Enrollment Management, Higher Education Marketing

You’ve got mail!

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Everyone likes getting mail during the holidays. I write my family’s annual holiday letter updating family and friends on what’s going on in the life of my wife, kids, and me. The result of this annual tradition – in addition to the increasing amount of online Christmas present purchases – is a crazy busy time of the year for the USPS as well as other delivery services. In fact, I learned while watching the TODAY SHOW that December 18th is anticipated to be the most significant mail date of the year!

To be fair, I believe everyone likes to get mail, particularly personalized mail, regardless of the holidays. I still look forward to checking my mailbox every day when I get home from work – but, maybe I’m old fashion.  I did turn 40 this year. There are fewer bills, statements and cards/letters in the mailbox compared to 10 years ago. Personally, I don’t get the hand-written card from my mom like I did in college. She emails or texts which I appreciate, but they still don’t have the same effect. Think about the last time you received something hand-written in the mail. Felt good, right?

After checking with a colleague and Doane College alumnus at the United States Postal Service (USPS), I’m told that mail volumes have declined considerably over the last decade. First-class mail – i.e. bills, statements, letters and payments – has been significantly impacted by online options. As a result the USPS delivered 35% less First-Class Mail in 2013 than they did in 2004. While the rate of decline has slowed in the last two years (only a 5% and 4% drop in the last two years respectively) the first 2 quarters of 2014 shows that trend continuing. But, what about Standard A mail (aka Junk Mail)? Truth be told that Standard A mail has increased slightly in the last year and is down only marginally from where it was in 2004.  Bottom line…less mail in the mailbox means what is in the box may very well get more attention by comparison to ten years ago.

Two quick thoughts on this: First, with less mail, it’s understandable that businesses are working more strategically with Standard A mail to gain more presence in front of the consumer – to get noticed in the mailbox. Second, I believe the value of a personal note in the mailbox has more impact today than it did 15 years ago.

I contend that the plight of first-class mail has actually made the mailbox more relevant today! In higher education enrollment management, communication with the prospective student is of paramount importance and ever more challenging to coordinate. For example, response rates to mail pieces are abysmal for the most part and the elimination of landlines makes it even more challenging to connect with a student via phone. Rather than wait for students to tell us they are interested, colleges use predictive models to determine who we need to target with our communication plans and ultimately we create communication flows that hit prospective student mailboxes on a regular basis even when a student hasn’t taken the specific step to tell us they are interested. We can’t afford to wait for the student to respond.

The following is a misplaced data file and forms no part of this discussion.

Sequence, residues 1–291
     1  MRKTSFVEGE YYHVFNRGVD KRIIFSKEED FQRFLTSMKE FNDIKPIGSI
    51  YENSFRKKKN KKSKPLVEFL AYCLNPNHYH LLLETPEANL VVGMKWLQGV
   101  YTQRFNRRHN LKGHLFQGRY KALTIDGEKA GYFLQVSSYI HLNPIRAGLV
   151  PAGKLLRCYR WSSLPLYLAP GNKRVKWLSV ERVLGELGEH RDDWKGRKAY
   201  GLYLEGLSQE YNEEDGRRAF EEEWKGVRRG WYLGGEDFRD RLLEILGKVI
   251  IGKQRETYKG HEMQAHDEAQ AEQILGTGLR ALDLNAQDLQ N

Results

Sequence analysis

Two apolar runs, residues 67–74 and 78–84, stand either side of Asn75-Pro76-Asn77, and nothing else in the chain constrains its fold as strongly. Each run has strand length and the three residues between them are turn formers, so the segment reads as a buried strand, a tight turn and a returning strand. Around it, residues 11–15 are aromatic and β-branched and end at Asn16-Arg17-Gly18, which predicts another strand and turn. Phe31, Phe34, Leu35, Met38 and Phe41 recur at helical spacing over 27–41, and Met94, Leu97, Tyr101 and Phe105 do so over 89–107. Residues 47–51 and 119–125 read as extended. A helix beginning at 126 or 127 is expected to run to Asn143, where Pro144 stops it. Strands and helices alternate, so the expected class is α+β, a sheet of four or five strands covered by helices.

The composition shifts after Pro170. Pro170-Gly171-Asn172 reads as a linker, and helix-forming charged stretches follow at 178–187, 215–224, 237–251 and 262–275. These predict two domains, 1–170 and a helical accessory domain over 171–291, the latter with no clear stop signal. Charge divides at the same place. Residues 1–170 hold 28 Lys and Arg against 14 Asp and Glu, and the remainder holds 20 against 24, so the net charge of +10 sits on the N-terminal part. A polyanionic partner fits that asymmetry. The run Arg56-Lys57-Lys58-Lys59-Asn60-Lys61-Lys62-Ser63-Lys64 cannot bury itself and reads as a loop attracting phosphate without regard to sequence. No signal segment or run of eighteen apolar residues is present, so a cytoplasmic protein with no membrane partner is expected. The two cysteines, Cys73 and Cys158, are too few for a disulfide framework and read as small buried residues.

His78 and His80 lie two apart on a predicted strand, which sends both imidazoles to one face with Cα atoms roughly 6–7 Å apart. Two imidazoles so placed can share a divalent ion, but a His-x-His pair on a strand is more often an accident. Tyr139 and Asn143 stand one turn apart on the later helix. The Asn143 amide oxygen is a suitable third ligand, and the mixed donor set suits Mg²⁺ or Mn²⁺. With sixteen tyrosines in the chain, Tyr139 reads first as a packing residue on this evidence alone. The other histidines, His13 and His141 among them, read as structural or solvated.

Beyond general propaganda mail, however, I am also determined to create a mailbox presence for prospective students that connect to them personally. It’s true that printing companies can more easily print variable data on brochures and postcards to give the impression of personalization. While I think this works and has an effect, it still does not replace the value of the hand-written addressed envelope that contains something more personalized inside. Make no mistake, this isn’t easy to coordinate and takes time and energy. However, Admission Counselors at Doane College must make connections with prospective students that require them to think beyond the quick phone call or even the Facebook message or email.

So, how about email? Studies have shown that prospective students prefer to receive college information via email. As a result, we push emails out to prospects regularly. So much so that people question if it’s too much. Do people really care that much about junk emails, so much that it frustrates them? Can you actually send too much email? Mass email can be easy and very inexpensive. Unfortunately, some enrollment professionals struggle to invest the time and energy to really think through an email campaign strategy. This is not an indictment on those individuals. It’s reality of our resources. I know we are guilty of that at times for sure. A discussion I hear in my office often is related to the volume of emails that we send to prospective students. I hear people contend, “We are turning them off with so many emails!” Really? A student is not considering Doane College because of how many emails we send? I think it’s an easy excuse for a person, but not the reason they are not coming to Doane College. I simply think it’s unfortunate for a college or business to fear sending too many emails. That said, it is important to have a balance – purpose and volume. People can easily opt-out of email campaigns or they can simply ignore them. I get an email a day from Kohls – maybe even two or three this time of year – and it doesn’t bother me because I know it’s there if I’m interested. It takes more energy for me to opt-out or send a nasty-gram for them to stop sending me emails.

Lets be clear, however. Quantity and quality are two different issues. I’m in favor of significant volume of emails, but there has to be a strategy and a vetted message to these emails. They do represent your brand.

College enrollment professionals lament over different strategies to engage with high school students during the college search process. We utilize all modes of communication in what sometimes seems like a lost cause. Does our mail get opened? How do we know if they don’t respond to the tear-off card or go online with the customized URL. Do they even receive our email campaigns? We create landing pages, review open-rates and click-through stats in hopes of validating our efforts. We look at Google reports to see the pages visitors land on. Today, we can’t obtain as many valid phone numbers because there is no landline! We pay exceptional amounts of money to firms to help us manage the communication flow to prospective students, which includes a select number of mail pieces, email campaigns, and phone calls. We consider the message, the look, the timing, and the volume of touches all in hopes that the student engages.